Finally, I've just discovered that because the class I took is now closed, I am no longer allowed access to any of the videos, quizzes and assignments - nor to my own results. I don't think I need to harp on how broken this is.

When I first saw this and realized that it was 9 courses long plus a capstone project, I was really excited! Then looking a bit more deeply, I see that they are 3-4 hours/week each and each is 4 weeks long. Though they recommend taking them in order, if you look deeper, it's pretty clear that you can take the first 3 in one batch, the second 3 in another, and the third 3 in another batch. That's 12 weeks at 9-12 hours/week... or, basically, the equivalent of one university class... for $490, which is about the price of paying per credit-hour for a 4 unit course through an average extension program at a public university. It will probably be great quality, but don't expect to have "credential-level" knowledge after taking it.

Cool.

For those who don't want to wait until April 7th, Udacity is scheduled to launch their own Intro to Data Science on Feb 5th (this Wednesday). I expect it to be easier/shallower than the Hopkins/Coursera sequence, but it wins on actionability.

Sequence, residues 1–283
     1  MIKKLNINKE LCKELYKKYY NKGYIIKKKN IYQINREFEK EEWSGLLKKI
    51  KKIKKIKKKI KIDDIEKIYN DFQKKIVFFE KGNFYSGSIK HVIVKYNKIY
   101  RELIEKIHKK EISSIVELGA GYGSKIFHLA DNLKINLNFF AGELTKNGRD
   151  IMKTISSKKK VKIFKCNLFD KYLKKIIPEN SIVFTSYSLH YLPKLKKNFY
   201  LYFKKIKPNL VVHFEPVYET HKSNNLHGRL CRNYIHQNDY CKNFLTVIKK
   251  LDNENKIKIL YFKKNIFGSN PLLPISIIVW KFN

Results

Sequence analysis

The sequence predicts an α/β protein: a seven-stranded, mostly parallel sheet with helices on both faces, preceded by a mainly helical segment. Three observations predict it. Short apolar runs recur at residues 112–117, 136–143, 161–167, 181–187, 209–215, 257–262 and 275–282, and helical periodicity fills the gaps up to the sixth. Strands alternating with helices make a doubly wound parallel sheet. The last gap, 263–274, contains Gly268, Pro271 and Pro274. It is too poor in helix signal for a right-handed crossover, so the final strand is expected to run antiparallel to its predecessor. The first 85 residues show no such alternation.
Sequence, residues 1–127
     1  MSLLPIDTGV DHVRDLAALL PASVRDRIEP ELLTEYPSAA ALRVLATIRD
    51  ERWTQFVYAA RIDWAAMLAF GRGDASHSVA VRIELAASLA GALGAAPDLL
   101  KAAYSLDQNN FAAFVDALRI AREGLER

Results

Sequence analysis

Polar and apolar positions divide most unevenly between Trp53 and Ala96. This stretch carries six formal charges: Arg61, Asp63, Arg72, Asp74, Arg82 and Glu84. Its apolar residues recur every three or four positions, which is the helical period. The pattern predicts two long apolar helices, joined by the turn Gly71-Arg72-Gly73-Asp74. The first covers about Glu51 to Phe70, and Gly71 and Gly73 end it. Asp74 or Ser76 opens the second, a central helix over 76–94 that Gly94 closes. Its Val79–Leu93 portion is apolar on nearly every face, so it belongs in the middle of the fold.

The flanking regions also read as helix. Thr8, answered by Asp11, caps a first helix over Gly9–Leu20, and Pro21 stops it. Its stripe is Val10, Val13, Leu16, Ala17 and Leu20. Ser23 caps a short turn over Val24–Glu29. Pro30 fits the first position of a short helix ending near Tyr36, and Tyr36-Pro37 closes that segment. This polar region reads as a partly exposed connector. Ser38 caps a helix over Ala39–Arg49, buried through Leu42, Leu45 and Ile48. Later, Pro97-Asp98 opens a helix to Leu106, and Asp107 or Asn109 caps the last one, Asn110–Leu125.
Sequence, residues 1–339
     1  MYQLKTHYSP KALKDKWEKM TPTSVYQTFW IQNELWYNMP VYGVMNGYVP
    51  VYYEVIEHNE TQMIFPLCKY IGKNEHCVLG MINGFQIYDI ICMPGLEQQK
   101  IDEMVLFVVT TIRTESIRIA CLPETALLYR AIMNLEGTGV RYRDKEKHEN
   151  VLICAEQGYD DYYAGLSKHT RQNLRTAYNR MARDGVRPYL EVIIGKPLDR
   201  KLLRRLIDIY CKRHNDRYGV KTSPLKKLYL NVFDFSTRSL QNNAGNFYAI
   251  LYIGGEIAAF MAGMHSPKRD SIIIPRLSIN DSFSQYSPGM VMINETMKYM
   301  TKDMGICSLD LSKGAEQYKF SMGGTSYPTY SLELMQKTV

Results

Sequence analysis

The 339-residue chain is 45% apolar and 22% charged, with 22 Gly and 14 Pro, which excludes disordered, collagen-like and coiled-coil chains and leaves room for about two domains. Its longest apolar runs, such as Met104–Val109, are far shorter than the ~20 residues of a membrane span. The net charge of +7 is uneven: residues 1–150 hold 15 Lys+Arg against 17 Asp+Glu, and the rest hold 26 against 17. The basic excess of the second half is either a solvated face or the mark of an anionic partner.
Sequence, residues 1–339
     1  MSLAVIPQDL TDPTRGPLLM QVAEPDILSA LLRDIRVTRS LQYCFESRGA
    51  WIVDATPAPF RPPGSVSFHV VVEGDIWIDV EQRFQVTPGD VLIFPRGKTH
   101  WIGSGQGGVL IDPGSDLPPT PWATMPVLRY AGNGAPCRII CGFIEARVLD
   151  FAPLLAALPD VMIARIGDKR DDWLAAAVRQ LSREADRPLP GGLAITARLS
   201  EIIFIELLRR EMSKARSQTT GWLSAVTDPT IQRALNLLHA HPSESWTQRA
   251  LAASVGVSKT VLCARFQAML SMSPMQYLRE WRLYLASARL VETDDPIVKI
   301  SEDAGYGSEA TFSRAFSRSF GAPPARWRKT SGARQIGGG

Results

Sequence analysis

Students will learn how communicate

Didn't spot that on the first read; a member of a rare species: the self-refuting prophecy.

If only they used Python.

You pay $490 and get what exactly? Afaikt the business model is, pay $490 to get exactly the same level of treatment as someone who does not pay a cent but with a piece of paper you can print out confirming you are not a liar?... If it offered credit, that would be one thing, but the fact that is doesn't is quite telling .(I guess it is impressive that coursera has found a way to print out "certificates" with the John Hopkins logo on even though no-one from John Hopkins will ever see or interact with any of the students though) You don't get any feedback or assessment, you just get some added signalling value. Still - the courses look interesting if pretty basic.

You don't get any feedback or assessment, you just get some added signalling value.

Yes, you pay money for signalling. What's wrong with that?

Even with my current studies, if I need help with a specific issue I don't walk to the TA but put the problem up on stackoverflow or another stackexchange website. I don't need university staff to learn something but I need the university for signaling.

Including signaling "thanks" to the university. :-)